The Man from U.N.C.L.E is splattered with ’60s pastiche that will go over its target demographic’s heads, but it’s still an amusing bit of history lesson. The summer flick is slick with retro-cool through detailed production design, a jazzy soundtrack, and amusing villains.
The plot is straightforward and doesn’t take itself too seriously with cheeky humor. There’s a play by play exposition but the movie manages to make it entertaining. Apart from the double entendre, the bromance is subtly filled with subtext. In one scene Napoleon claims to pick the top lock, forcing Illya to bend down to take the bottom.
The movie uses split-screens to offer something different from the typical car chase. It doesn’t just rely on huge explosions to create nifty action.
Ritchie is intent on making another fun caricature of a period, but he’s not committed enough to make a memorable tribute, adaptation, or a serviceable summer action flick.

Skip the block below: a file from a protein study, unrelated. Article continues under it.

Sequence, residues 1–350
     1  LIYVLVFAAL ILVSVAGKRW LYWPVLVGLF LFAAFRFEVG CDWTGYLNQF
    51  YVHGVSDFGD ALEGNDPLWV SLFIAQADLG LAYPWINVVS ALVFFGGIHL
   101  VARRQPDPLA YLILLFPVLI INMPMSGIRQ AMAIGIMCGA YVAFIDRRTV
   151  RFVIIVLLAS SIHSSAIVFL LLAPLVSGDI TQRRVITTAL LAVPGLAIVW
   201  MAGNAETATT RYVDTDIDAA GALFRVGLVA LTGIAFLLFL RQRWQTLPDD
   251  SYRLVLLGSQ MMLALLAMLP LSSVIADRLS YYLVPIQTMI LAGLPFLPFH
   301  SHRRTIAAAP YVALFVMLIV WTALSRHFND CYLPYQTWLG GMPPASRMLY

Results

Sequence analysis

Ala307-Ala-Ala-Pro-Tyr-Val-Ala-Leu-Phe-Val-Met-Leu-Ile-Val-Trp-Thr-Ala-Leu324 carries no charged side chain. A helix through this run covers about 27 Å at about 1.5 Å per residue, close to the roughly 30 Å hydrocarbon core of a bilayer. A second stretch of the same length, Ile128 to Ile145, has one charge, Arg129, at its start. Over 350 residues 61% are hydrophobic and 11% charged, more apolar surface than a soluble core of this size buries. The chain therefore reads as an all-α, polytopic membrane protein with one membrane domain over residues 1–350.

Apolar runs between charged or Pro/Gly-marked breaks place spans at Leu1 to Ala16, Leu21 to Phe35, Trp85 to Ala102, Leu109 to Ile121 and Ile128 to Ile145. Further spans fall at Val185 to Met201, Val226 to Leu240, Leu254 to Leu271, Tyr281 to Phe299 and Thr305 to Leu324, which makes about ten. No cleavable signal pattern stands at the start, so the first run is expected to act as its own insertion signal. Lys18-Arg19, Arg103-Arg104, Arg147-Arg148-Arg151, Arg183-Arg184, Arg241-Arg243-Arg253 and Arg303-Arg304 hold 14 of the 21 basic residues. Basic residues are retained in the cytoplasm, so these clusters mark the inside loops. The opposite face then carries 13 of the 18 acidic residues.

There’s a significant lack of spy shenanigans as the movie is more preoccupied with its bickering couple. No, not the adorable Alicia Vikander and straight outta shaving cream commercial Armie Hammer. Henry Cavill and Armie Hammer create a black hole of charisma that makes their bromance and competition flat. Even with the details added to the characters – one a master thief who wears bespoke suits, the other a Terminator-like KGB agent who loves turtlenecks – it didn’t matter.
There’s no sense of danger nor urgency to move the plot forward and grab you by the edge of your seat. The Man from U.N.C.L.E coasts entirely on its looks and its mannequin poster boys.
Overall, Man from U.N.C.L.E is as pretty and bland as its leads.
Man from U.N.C.L.E.
Other than a period detailed nod to 60's spy films and some deft directorial choices, The Man from U.N.C.L.E is a lifeless spy flick with a black hole of charisma.